The host of characters in the book include Madeleine’s school teacher, principal and acquaintances.  The owner of the Cat’s Pajamas is named Lorca and his band and compadres at the club make up the rest of the colorful characters.

The story moves quickly, a lot of history is packed into the pages.  Everyone has dreams and aspirations and, some are realized and some are not, by the end of the book.  There is a little magic, but not enough to put the readers off (like myself) who do not want a book to be all about magic.

I would recommend this book.

Thursday, October 16, 2014

we were liars by e.lockhart 225 pages

I could not wait to finish this book, Sorry, that is not a good thing. This is the story of a perfect family that is not so perfect. They are wealthy, privileged, own their own island and have wonderful mansions full of wonderful things, over which they all fight. The grandfather rules all and is not above threatening to disinherit if someone makes him mad. This story is told by Cadence "Cady", the first grandchild. She tells about idling away the summers on the island, being bored, etc. All the hype talks about the surprising ending, and yes, it does have a twist, but believe me, it is not worth slogging thru the rest of the book to get to the end. This book was a waste of my time and I do not see my teens identifying with or enjoying this book.

Wednesday, October 15, 2014

In the Woods by Tana French 429 pages

I can't help it!  The song that runs through my head when I think of this book is "What a long, strange trip it's been.."  Don't get me wrong, there were lots of things I liked about this book.  It will freak you out, for sure!  Rob Ryan is a detective in Dublin.  He and his partner, Cassie, are investigating the murder of a young girl whose body was left on a sacrificial altar in an archeological site.  The thing is, Detecitve Ryan is the only survivor of an attack in the same area 20 years ago.  His two friends were never found and he was discovered clutching a tree for dear life with scratches on his back and blood in his shoes, his memory wiped clean.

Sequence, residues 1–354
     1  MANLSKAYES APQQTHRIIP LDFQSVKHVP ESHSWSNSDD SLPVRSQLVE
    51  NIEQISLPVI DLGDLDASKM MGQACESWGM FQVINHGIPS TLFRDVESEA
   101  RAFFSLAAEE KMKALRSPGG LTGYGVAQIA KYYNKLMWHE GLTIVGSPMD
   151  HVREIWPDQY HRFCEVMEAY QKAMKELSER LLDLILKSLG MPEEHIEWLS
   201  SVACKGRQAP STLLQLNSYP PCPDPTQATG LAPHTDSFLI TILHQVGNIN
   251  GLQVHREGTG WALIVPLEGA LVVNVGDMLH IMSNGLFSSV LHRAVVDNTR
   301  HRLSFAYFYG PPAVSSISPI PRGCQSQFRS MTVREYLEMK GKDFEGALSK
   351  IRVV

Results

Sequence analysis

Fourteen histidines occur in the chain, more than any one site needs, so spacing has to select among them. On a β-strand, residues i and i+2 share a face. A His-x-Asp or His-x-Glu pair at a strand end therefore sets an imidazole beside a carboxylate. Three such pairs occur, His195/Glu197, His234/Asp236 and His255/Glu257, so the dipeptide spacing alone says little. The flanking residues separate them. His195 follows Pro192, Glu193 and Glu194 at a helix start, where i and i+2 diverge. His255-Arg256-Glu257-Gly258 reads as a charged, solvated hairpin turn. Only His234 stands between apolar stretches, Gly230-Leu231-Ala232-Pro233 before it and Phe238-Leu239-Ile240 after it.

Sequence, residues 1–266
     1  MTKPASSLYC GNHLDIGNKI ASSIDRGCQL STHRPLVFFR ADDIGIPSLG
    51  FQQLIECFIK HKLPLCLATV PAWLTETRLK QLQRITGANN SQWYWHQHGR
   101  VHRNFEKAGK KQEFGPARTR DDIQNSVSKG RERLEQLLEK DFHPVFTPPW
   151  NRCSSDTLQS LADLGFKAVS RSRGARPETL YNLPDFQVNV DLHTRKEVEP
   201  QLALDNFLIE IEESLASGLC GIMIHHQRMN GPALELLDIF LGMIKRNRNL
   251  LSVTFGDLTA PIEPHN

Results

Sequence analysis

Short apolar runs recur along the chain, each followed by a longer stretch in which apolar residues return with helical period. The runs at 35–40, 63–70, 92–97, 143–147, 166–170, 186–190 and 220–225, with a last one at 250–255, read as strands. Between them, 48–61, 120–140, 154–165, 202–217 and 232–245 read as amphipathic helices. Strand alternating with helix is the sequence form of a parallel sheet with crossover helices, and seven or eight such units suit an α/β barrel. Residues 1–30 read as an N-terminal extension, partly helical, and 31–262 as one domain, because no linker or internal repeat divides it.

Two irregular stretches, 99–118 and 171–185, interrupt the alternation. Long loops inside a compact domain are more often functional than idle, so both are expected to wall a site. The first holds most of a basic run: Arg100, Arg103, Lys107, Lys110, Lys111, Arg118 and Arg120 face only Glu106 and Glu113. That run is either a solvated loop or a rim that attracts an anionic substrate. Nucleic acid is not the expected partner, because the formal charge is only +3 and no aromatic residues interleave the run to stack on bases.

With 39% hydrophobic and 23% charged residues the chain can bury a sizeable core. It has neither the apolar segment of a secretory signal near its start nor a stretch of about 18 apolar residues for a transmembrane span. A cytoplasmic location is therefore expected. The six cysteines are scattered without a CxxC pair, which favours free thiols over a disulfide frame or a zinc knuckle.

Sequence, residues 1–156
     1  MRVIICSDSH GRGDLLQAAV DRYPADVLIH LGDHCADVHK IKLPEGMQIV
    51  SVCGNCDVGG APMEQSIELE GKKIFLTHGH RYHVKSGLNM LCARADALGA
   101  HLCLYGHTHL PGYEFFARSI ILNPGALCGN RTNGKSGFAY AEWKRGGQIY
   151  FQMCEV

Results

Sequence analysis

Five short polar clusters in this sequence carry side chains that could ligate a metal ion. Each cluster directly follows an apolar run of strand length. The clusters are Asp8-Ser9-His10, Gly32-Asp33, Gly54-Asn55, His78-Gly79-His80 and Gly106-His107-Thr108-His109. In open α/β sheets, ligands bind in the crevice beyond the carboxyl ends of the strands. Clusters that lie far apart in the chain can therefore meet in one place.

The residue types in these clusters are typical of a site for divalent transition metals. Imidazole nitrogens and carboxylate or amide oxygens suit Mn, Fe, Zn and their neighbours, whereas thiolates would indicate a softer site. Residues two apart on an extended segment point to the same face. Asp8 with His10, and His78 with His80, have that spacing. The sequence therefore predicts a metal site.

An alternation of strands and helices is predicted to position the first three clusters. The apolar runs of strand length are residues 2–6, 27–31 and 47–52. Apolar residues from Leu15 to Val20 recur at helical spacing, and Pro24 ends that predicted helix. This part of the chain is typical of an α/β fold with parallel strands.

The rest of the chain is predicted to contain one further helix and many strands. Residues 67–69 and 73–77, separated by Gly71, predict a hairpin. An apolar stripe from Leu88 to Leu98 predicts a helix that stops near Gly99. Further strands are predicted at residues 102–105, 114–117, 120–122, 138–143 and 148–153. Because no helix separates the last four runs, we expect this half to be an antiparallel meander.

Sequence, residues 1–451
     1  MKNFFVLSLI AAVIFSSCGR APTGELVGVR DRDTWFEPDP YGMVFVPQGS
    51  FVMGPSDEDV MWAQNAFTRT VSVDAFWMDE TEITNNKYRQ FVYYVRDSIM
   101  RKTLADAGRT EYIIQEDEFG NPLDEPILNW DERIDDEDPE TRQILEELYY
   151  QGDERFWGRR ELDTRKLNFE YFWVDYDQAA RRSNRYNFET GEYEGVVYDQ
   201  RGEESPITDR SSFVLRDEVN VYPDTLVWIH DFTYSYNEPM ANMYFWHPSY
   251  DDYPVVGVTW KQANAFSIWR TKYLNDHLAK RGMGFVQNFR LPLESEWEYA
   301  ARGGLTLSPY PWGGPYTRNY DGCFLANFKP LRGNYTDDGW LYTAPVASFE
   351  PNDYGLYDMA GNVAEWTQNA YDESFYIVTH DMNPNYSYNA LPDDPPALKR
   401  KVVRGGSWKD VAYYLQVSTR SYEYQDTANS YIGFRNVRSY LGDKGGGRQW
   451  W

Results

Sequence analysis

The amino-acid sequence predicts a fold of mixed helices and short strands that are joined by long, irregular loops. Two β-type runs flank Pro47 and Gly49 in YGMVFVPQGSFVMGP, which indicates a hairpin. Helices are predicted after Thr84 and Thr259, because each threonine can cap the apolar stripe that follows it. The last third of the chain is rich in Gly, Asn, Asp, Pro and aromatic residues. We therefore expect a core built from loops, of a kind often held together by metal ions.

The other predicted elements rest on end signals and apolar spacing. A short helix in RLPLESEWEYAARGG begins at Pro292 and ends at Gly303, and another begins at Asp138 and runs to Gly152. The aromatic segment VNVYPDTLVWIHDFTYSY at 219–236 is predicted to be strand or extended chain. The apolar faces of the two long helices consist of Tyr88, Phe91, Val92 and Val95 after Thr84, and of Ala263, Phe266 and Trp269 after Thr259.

This book is a great detective story, but do not expect a quick read.  Tana French weaves a tapestry with words.  This book has been descirbed as "richly atmospheric and utterly convincing" and I could not say it better. 

Tuesday, October 14, 2014

Harry Potter and the Goblet of Fire by J.K. Rowling, 752 pages

Things are heating up for Harry Potter.  He's in his 4th year at Hogwarts School and though only 14, is mysteriously entered and chosen to be a participant in the Triwizard Tournament.  Who could have entered his name?  Who indeed?

Another rousing adventure brought to us by J.K. Rowling.  These books never get old and tired for me.  Hence, the repeated listenings.

I hope to get to #5 soon, but other reading calls first.